Please stop trying to rationalize the decision and just admit that you don't really care about anybody but yourself and other drivers - not the environment, not cyclists, and certainly not the people who live around Cannon Street.

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By Ryan (registered) - website | Posted December 05, 2014 at 18:11:53 in reply to Comment 106633

The evidence does not support your fatalistic conclusion. Decades of research and design experience provide a pretty clear understanding of how to make cycling safer, and the best practise is to avoid conflicts by using a Dutch-style intersection design, which minimizes interactions between cyclists and drivers.

The Cannon Cycle track approaches a Dutch level of protection but falls short at intersections. The evidence indicates that brightly painted pavement markings at conflict areas like intersections helps raise the visibility of cyclists, reminding drivers to watch out and reducing collisions.

In fact, merely by increasing number of cyclists, the Cannon Cycle track is helping to reduce the rate of injuries through the well-documented "safety in numbers" effect. It's too early to draw conclusions about the rate of injuries, but observers are interested to see whether the number of bike injuries goes down on Barton now that Cannon is a viable east-West route.

Beyond that, cycling is inherently a risky activity but so are walking and driving. By a variety of measures, cycling is as safe as, or safer than, driving - particularly when you take into account the health impacts of active transportation vs. sitting in a car. In any case, with walking, cycling and driving alike, better infrastructure design has a huge impact on risk mitigation.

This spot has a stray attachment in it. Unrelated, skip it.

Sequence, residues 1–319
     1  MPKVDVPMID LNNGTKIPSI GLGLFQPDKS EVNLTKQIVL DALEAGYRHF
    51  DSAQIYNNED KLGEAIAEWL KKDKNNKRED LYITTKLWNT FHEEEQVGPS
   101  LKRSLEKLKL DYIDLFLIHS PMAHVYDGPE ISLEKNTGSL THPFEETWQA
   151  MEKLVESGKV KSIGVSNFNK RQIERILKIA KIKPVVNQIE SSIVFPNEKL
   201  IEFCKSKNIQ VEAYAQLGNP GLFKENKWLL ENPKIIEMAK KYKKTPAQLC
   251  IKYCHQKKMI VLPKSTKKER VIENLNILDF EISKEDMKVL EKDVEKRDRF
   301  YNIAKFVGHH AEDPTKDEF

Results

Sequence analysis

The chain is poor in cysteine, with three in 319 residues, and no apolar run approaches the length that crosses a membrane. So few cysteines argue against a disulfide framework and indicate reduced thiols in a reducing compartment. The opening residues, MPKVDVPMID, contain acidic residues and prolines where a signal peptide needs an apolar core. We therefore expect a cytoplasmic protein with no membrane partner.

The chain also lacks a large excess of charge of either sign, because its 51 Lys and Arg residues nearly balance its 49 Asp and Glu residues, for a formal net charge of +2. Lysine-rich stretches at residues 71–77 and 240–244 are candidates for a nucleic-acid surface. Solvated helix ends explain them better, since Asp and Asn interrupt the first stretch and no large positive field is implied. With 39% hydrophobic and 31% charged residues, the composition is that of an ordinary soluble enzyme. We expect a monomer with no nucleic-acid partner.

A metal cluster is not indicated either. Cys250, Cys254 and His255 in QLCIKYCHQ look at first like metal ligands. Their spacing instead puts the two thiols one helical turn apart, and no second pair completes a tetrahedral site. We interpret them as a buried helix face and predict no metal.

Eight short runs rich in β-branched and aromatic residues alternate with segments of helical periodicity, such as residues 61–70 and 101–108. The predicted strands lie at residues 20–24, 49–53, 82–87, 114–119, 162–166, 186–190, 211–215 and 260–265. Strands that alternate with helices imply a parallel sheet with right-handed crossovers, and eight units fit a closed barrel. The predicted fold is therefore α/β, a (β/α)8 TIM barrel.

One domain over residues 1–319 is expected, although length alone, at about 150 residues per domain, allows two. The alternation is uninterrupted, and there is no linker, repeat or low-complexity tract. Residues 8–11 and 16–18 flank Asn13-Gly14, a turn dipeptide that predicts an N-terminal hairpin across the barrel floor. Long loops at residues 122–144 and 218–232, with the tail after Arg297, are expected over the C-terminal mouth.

Comment edited by administrator Ryan on 2014-12-05 18:15:27

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By Whitlock (registered) | Posted December 07, 2014 at 09:13:54 in reply to Comment 106636

Ryan's comment about the dangers in other modes of transportation is right on the money. I gave up the bicycle in the late 1990s because it was simply too dangerous to mix with traffic. I enjoy long walks along city streets especially in the downtown where there is so much to see. However, as Ryan points out, on one walk I had two crap in your drawers close calls. Both were at signalized intersections where I was crossing with the pedestrian signal and both times, a van and a SUV were turning left and narrowly missed me. Both stopped in time but the SUV was within 6" before the idiot finally stopped. So I ALWAYs cross a signalized intersection from the right sidewalk so I face the traffic trying to turn left.
And all you avid cyclists, stay off the sidewalk! Especially the long stretch on east side of Upper Ottawa between Limeridge and Stonechurch. It is great, quiet PEDESTRIAN path. And it is where I got a great picture yesterday of a Red Tailed Hawk.

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By KevinLove (registered) | Posted December 05, 2014 at 19:09:51 in reply to Comment 106636

Cycling is far safer than driving. According to Toronto's Medical Officer of Health, Dr. David McKeown, "...the health benefits of shifting to active transportation outweigh the health risks – by at least a 15:1 ratio."